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    Self-Repairing Concrete


    Concrete Mixed With Bacterial Spores

    Imagine if your pattern imprinted concrete driveway never needed maintenance, and any weathering, cracks and other damage would heal by itself. It sounds like the stuff of science fiction, but Dutch scientists are nearly ready to begin tests that could make it a reality.

    Microbiologist Henk Jonkers and concrete technologist Eric Schlangen have been working at Delft Technical University in The Netherlands to engineer the new type of concrete. “In the lab we have been able to show healing of cracks with a width of 0.5mm. Now we are upscaling”, explained Dr Jonkers. They are currently trying to reduce the considerable cost of the process, but they believe that they can do this and be ready to begin testing in around 6 months, with a view to commercialising it in 2-3 years.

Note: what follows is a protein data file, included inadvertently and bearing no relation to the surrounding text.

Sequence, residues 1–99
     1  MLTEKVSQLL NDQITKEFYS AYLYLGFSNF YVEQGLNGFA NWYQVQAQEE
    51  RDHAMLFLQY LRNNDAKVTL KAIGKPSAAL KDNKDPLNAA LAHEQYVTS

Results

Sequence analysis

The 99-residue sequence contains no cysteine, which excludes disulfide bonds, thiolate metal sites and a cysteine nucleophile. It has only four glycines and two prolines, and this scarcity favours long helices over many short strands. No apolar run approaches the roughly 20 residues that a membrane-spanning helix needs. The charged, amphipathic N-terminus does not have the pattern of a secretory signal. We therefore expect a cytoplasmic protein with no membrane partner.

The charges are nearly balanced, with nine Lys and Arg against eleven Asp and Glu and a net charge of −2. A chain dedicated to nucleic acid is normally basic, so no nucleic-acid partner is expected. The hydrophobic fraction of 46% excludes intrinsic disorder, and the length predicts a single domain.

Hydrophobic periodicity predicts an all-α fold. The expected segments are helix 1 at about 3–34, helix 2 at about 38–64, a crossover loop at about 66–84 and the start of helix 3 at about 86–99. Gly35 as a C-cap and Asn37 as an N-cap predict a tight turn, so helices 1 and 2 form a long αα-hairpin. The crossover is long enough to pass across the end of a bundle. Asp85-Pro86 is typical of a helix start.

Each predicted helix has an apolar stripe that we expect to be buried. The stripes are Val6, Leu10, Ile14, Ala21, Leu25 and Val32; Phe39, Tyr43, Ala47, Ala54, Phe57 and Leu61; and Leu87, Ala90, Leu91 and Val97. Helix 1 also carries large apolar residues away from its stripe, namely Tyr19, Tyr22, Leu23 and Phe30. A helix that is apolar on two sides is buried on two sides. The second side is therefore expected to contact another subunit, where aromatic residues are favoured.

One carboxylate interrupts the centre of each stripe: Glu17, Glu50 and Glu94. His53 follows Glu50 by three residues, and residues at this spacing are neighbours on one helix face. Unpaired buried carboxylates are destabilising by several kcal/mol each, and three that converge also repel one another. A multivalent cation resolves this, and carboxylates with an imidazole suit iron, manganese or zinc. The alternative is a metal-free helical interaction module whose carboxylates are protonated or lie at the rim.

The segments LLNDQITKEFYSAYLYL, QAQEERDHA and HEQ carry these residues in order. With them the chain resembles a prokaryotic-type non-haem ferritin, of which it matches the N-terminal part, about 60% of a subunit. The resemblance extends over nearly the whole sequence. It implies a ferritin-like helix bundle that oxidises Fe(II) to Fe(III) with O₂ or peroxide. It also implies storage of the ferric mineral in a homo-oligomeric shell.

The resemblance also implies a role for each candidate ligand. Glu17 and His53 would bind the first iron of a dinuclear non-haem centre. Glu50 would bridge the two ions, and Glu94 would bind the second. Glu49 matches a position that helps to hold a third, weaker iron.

The process works by mixing bacterial spores and the nutrients they feed on into the concrete. When the spores come into contact with water, they begin to feed on the nutrients and produce limestone, which begins to fill the cracks through which the water got in.

    Concrete is the most popular building material in the world, and if the lifespan of it can be significantly extended it should lead to reduced costs and better structures for everyone. If it can be incorporated into pattern imprinted concrete, then we should see significant savings on maintenance in the future.

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